King’s boss, stricken with fear, hustled his aide out of the room, mumbling excuses about “the boy” being “tired and overworked.” “Go out and get a drink, go anywhere,” he said to King once they were safely out in the hall. “Just stay out of sight till he leaves town early tomorrow morning.”
At six o’clock the next morning, King crawled into bed. At sixten, the phone rang. “Had your coffee yet?” Through the haze, King could recognize the husky and unmistakable voice of LBJ. Arriving at the scene he had been hustled out of the night before. King was greeted by a Johnson standing in a room scattered with the morning newspapers. From the looks of things, he had already been up for an hour.
“How do you take it?” demanded the giant figure, looming over King, the pot of scalding coffee in his hand. King asked for cream and sugar. “I take it black,” Johnson said as he poured King a cup of unadulterated java.
Larry King was about to undergo the “treatment.”
“Now, I used to be a young man like you,” Johnson began, standing so close that King’s glasses were fogging, “and I know what it means to be working for someone else and yet wanting to get on and be your own boss. What’s your training?”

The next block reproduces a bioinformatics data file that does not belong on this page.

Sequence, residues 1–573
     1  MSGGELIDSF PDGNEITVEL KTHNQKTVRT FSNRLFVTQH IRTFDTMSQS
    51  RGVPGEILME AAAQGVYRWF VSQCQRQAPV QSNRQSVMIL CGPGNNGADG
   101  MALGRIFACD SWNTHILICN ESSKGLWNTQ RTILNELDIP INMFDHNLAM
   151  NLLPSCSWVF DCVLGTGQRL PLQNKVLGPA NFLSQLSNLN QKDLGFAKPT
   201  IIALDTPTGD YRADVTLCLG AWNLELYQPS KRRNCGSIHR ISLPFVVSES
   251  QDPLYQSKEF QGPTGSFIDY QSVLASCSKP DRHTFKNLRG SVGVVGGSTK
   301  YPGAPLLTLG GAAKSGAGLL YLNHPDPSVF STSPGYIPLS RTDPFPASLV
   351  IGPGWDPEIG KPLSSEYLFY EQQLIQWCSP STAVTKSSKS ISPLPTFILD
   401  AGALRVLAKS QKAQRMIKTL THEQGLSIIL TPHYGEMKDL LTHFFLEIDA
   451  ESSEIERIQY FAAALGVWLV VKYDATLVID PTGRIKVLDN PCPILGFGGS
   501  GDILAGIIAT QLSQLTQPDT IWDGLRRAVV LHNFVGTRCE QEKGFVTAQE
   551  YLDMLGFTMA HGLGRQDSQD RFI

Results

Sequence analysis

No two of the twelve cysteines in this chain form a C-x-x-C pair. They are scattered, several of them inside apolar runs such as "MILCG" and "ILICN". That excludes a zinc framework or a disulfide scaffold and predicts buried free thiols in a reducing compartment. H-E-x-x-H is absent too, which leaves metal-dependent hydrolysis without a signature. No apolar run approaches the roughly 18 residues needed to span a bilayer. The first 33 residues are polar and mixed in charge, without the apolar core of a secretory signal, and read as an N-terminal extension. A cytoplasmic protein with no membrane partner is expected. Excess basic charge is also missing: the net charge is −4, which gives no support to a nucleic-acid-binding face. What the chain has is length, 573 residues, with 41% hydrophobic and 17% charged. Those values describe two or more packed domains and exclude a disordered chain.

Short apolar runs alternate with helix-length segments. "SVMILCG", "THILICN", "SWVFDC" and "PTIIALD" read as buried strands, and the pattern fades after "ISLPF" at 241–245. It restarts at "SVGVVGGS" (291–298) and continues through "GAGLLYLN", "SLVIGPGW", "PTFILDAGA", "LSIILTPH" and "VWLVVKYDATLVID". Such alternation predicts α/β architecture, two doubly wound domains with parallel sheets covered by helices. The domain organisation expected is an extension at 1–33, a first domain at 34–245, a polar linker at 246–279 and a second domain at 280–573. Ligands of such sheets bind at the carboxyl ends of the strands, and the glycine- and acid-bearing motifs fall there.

When King said he had been a newspaperman, Johnson was unimpressed. “Not much money in that. You should go to law school. You can always go back to journalism if you want to, but you’ll have the degree.”
King never knew for sure why the great man had summoned him for this thirty seconds of predawn fatherly counsel. What he does recall vividly is the picture of himself, the don’t-take-shit-from-no-man Larry King, dutifully lugging the Senator’s baggage down the stairs and then going back to ask whether there was anything more he could carry.
Johnson had not only transformed an adversary into a bellhop, he had also recruited a future minion to the LBJ campaign team.
Theodore Sorensen, who wrote great speeches for John F. Kennedy and stayed on briefly after Dallas, described the Johnson method of personal dealings this way: never bring up the artillery until you bring up the ammunition. In other words, to gain a senator’s vote on a bill, Johnson would spend days studying every conceivable source of motivation. When he was ready, he would just happen to bump into him. The fellow never knew what hit him.
Few were immune to the treatment. Paul H. Douglas, the great economist who became a great senator, was once opposed to LBJ on a pending vote, but doubted his own sales resistance. “I’m not going out on...